Continue reading “More Nuance and Maturity Required in Arguments against NSA Surveillance”

The Subscription Model is the Future of Software—and for good reason

Microsoft recently announced the launch of Office for iPad. Many people took note about the pricing model behind Office for iPad: the apps are free to download, and the user can open and view documents, spreadsheets, and presentations for free, but must pay for an Office 365 subscription to edit these files. Many have taken notice.

At Microsoft, the move to a subscription-based model has been going on for some time. Office 365 was launched in 2011. With Office 2013, the move towards the subscription model has been consummated: a user with an Office 365 subscription can use click-to-run to stream any Office app on any machine, and has access to the latest bits of the software at all times.

Many in the tech community and elsewhere have met this move with caution or concern. At the heart of these concerns are two ideas:

  1. a subscription model to use the software, instead of being able to purchase it, means that we never really own the software we pay for, and
  2. a subscription model also seems like a way to bleed money out users, especially infrequent users.

These are legitimate concerns, but I will argue that out understanding of software ownership is outdated and harmful. Further, the financial concerns about software subscriptions can be mitigated.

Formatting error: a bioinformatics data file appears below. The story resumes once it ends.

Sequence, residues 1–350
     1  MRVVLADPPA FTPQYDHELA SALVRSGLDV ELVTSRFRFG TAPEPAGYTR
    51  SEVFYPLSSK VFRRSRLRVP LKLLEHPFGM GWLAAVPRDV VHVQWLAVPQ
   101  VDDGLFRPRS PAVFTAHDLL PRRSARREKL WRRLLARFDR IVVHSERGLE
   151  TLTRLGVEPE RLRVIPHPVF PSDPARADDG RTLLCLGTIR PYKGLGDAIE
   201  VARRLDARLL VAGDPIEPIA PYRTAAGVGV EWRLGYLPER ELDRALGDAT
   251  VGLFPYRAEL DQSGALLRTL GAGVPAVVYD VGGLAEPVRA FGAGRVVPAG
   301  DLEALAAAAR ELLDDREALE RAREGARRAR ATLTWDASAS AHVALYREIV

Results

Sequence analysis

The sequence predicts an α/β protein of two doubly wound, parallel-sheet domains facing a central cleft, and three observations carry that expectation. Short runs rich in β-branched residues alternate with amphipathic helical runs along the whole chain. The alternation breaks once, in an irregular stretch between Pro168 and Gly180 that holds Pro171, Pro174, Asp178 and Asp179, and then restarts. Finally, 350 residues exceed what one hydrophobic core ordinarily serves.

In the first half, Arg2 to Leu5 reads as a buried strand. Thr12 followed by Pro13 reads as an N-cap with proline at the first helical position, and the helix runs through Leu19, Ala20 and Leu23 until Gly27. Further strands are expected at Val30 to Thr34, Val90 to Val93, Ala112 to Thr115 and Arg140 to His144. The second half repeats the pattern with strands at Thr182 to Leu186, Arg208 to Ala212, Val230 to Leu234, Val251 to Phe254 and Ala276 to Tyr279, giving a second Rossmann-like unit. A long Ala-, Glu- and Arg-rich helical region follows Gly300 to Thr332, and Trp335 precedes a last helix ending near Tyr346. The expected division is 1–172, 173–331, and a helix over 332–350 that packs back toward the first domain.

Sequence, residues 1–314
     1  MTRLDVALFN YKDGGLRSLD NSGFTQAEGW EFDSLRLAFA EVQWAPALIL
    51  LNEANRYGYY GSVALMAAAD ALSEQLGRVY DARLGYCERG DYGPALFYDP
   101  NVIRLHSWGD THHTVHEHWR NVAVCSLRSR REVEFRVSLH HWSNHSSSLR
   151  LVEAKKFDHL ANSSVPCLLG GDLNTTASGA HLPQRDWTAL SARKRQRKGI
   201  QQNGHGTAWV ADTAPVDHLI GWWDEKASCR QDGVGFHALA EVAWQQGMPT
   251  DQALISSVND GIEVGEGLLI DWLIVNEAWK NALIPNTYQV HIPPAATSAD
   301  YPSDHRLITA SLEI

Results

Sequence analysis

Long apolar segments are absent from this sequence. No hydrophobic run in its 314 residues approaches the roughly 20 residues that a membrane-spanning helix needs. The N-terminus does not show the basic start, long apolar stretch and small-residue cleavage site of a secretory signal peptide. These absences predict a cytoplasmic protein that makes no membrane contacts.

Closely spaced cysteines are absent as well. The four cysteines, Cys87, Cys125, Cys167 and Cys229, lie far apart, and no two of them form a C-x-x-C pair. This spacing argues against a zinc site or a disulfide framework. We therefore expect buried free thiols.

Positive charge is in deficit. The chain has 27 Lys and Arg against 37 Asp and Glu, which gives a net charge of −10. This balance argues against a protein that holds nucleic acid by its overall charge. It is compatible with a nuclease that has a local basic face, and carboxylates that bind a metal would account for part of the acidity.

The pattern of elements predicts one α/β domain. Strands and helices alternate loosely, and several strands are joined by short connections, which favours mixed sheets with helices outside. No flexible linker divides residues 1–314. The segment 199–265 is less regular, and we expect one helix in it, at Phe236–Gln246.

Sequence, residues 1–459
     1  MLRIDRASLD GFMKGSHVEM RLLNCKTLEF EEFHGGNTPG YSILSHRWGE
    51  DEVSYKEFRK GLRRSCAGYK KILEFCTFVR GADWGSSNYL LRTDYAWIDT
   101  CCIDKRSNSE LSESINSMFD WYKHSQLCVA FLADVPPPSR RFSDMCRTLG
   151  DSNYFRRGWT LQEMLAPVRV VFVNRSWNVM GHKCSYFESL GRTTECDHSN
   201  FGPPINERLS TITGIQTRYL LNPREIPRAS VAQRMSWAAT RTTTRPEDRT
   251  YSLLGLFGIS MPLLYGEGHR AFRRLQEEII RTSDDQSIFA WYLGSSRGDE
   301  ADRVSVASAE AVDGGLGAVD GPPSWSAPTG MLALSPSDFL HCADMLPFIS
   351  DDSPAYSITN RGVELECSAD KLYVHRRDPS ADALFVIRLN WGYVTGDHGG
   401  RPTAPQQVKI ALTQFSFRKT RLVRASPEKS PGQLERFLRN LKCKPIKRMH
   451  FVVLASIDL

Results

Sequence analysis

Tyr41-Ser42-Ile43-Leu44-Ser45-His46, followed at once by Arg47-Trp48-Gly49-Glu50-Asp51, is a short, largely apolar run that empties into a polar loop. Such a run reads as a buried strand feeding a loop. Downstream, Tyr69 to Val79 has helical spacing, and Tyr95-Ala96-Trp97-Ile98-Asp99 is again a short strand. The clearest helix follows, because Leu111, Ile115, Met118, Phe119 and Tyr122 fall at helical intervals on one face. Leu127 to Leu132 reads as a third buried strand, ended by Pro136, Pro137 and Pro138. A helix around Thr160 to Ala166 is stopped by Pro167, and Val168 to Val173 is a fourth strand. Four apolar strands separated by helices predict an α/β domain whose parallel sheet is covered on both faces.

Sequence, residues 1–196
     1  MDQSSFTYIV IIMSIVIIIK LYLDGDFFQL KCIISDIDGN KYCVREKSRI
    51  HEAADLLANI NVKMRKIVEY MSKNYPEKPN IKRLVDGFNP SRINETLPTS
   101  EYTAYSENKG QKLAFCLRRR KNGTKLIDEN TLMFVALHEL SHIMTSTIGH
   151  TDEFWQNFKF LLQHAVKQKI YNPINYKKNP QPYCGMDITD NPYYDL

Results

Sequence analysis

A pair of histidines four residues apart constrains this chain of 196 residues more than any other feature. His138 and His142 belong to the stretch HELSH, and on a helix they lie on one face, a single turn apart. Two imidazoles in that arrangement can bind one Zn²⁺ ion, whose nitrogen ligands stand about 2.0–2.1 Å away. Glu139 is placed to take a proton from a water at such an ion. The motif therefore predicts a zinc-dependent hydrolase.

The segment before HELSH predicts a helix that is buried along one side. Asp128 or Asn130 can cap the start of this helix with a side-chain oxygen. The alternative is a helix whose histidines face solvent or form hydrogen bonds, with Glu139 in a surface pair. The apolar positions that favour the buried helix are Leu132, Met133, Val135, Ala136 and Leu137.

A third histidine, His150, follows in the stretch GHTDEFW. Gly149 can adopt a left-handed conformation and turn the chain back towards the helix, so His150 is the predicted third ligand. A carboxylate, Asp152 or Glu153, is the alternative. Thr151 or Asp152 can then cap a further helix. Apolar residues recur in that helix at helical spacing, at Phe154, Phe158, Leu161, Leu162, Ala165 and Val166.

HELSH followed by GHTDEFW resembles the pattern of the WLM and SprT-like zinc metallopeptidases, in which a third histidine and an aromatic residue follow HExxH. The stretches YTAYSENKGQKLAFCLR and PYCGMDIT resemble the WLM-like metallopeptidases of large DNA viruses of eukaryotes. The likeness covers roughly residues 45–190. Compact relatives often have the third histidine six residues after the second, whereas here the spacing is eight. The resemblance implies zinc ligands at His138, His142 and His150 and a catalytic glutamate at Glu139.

It seems that it is fair to—and often, acceptable—to charge for a service on a continuous basis as it is being provided, but neither fair nor acceptable to charge a continuous fee for the use of goods, where one is expected to “own” such good. The renting of goods will come up as an obvious counterexample, but I suppose renting is an exception rather than the rule.

Software is seen as a good, and to pay a subscription for software exactly as an attempt to rent it out. Many will object to the business model of “renting out” software licenses because the use of software by one user does not exclude others. It therefore seems that renting out software is a greedy attempt at amassing profit, rather than a legitimate business practice.

But in this day and age, the use of software carries many hidden costs. A company must offer supports to users of software, including users who own older versions, or interoperate with other users who own older versions. A user could be complaining about a bug fixed several years ago, but if the user is having this problem, as a company, it is also your problem. A company could also choose to have strict terms of service and choose not to support some of these areas, but here we see another cost of having your old software out in the wild: its reputation.